W3C home > Mailing lists > Public > public-device-apis@w3.org > October 2013

Re: [discovery-api] CORS support added to NSD API Editor's Draft

From: Rich Tibbett <richt@opera.com>
Date: Tue, 8 Oct 2013 16:13:15 +1100
Message-ID: <CAAsrAZCtV7iryuffZ7jFAcbqbtnVU+Gi5FmfyUH0sJ2qtjXVSA@mail.gmail.com>
To: "Cathy.Chan@nokia.com" <Cathy.Chan@nokia.com>
Cc: Tatsuya.Igarashi@jp.sony.com, FABLET Youenn <Youenn.Fablet@crf.canon.fr>, Device APIs Working Group <public-device-apis@w3.org>
On Tue, Oct 8, 2013 at 8:49 AM,  <Cathy.Chan@nokia.com> wrote:
>
>> -----Original Message-----
>> From: ext Igarashi, Tatsuya [mailto:Tatsuya.Igarashi@jp.sony.com]
>> Sent: Monday, October 07, 2013 8:41 AM
>> To: Rich Tibbett; FABLET Youenn
>> Cc: Device APIs Working Group
>> Subject: RE: [discovery-api] CORS support added to NSD API Editor's Draft
>>
>> About the source origin value of pre-flight, the empty should be used just to
>> determine if the device support CORS.
>
> Agreed that the primary purpose of the preflight request should be to determine if CORS is supported. As a bonus, if the result comes back as a wild-card, the UA knows that any web app would be allowed to talk to that service (upon user permission).
>
> But using an empty origin might cause the UA to incorrectly interpret a server that supports CORS but allows only a specific list of origins as not supporting CORS. An alternative is to use the target service's own origin instead in the preflight request. The result would be one of the following:
> 1. The request fails -> the target service does not support CORS. In this case, the UA must not include this service in its list of services.
> 2. The request succeeds with "Access-Control-Allow-Origin: *" -> the target service supports CORS and accepts requests from any origin. In this case, the UA includes this service in its list of services. The service will be presented to the user as is.
> 3. The request succeeds with "Access-Control-Allow-Origin: target service's origin" -> the target service supports CORS but only accepts requests from certain origins (such as its own). In this case, the UA still records this service in its list of services, but marks it as "conditional".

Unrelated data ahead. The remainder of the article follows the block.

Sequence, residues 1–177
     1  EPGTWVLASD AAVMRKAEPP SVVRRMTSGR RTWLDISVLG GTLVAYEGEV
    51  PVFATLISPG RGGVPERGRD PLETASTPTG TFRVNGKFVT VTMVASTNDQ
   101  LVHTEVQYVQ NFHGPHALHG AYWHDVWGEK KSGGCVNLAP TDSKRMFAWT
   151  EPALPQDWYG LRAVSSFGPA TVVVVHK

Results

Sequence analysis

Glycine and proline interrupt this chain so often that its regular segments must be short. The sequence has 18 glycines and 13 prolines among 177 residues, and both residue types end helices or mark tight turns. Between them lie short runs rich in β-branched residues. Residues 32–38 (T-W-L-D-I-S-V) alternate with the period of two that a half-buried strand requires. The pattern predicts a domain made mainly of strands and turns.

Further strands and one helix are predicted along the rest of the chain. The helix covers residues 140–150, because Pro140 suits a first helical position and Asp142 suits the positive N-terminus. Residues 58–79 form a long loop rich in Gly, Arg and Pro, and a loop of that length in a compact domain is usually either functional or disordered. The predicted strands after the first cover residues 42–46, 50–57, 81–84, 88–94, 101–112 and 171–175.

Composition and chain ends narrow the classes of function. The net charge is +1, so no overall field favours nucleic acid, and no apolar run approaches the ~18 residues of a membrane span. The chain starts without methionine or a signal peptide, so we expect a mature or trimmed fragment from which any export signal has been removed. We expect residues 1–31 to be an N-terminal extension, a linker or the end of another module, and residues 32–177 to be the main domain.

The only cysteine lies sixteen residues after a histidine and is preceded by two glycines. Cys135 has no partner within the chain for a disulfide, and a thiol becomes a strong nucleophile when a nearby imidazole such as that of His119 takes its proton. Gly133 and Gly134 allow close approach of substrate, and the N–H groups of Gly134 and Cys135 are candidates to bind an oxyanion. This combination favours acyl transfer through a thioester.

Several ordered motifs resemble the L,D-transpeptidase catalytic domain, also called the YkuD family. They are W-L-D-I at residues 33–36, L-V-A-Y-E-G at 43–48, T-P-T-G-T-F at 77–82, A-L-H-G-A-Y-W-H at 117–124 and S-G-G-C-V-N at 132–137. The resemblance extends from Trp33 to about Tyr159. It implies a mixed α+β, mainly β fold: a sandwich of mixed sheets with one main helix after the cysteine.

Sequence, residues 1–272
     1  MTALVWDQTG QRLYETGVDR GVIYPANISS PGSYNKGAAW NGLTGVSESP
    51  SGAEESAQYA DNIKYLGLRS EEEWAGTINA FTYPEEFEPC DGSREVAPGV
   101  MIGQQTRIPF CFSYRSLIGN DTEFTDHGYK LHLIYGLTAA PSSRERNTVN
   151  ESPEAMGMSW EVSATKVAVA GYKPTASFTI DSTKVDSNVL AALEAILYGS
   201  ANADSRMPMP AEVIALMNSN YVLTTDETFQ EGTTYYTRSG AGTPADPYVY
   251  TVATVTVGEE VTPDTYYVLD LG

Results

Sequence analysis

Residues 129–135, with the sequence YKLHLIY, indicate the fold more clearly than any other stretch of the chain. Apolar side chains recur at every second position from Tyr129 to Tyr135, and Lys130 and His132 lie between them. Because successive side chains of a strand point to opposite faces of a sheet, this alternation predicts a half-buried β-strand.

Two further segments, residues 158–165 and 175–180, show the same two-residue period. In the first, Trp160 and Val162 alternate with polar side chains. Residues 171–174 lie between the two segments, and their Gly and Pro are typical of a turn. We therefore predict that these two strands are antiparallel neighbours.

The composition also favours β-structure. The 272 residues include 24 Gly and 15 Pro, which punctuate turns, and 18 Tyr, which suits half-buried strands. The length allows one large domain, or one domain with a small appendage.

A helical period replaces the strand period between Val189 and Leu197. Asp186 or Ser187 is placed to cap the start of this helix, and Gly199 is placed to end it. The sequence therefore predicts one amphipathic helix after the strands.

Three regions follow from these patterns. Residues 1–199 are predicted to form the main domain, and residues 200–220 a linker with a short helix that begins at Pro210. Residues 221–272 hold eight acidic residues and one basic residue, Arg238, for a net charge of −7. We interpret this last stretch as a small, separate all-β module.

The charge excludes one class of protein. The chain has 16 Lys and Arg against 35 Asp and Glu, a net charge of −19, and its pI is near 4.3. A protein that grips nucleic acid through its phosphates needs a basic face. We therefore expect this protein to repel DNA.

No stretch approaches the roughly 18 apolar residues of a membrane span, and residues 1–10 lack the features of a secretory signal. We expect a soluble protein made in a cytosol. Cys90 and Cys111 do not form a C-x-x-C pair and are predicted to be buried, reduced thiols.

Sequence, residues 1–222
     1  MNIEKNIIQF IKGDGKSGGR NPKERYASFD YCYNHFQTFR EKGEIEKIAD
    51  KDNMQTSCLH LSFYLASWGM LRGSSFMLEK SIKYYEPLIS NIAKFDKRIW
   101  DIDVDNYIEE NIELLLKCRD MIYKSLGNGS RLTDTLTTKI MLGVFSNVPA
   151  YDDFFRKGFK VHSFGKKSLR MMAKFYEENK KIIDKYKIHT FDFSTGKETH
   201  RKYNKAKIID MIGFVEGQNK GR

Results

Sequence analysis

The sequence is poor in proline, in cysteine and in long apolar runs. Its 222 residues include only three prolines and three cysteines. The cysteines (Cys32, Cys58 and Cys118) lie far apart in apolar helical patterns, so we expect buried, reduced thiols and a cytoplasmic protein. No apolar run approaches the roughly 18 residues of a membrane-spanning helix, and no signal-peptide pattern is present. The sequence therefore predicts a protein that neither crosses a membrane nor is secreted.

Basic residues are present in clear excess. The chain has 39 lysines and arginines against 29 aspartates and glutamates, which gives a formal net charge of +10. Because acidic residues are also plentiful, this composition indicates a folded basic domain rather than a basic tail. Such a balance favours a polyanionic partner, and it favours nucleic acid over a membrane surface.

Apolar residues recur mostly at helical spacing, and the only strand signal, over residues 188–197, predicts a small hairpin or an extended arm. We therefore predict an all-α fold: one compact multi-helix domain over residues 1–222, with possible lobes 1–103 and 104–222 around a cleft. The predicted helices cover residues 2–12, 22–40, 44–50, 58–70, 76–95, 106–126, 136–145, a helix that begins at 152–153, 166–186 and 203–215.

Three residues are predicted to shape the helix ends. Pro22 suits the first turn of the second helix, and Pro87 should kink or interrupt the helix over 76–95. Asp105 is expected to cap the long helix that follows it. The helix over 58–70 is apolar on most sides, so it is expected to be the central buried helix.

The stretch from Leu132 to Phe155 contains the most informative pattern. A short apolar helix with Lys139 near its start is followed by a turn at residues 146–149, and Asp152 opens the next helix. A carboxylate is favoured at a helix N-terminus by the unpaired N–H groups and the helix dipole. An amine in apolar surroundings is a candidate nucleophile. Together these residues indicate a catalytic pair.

Yes, this is exactly how it should work.

I'm still not sure exactly what source origin should be used. At this
point of the algorithm we are only interested in what the cross-origin
response headers say rather than ensuring a match to the preflight
request's origin so largely it shouldn't matter what we set the source
origin as.

> Upon receiving a getNetworkServices request from a web page (where this service matches a requested type), the UA issues another preflight request with the web page's origin to determine whether that web page would be allowed access, and use the result to decide whether the service can be presented to the user. The UA may also store this information for future use (until expiration).

Wasn't that allowed origin already provided in the original preflight
check 'Access-Control-Allow-Origin' response header? In that case we
may not need to perform another preflight check before presenting this
service to the user when getNetworkServices() is called from script
running on this allowed origin.

I will update the spec accordingly.

br/ Rich
Received on Tuesday, 8 October 2013 05:13:42 UTC

This archive was generated by hypermail 2.4.0 : Friday, 17 January 2020 19:33:01 UTC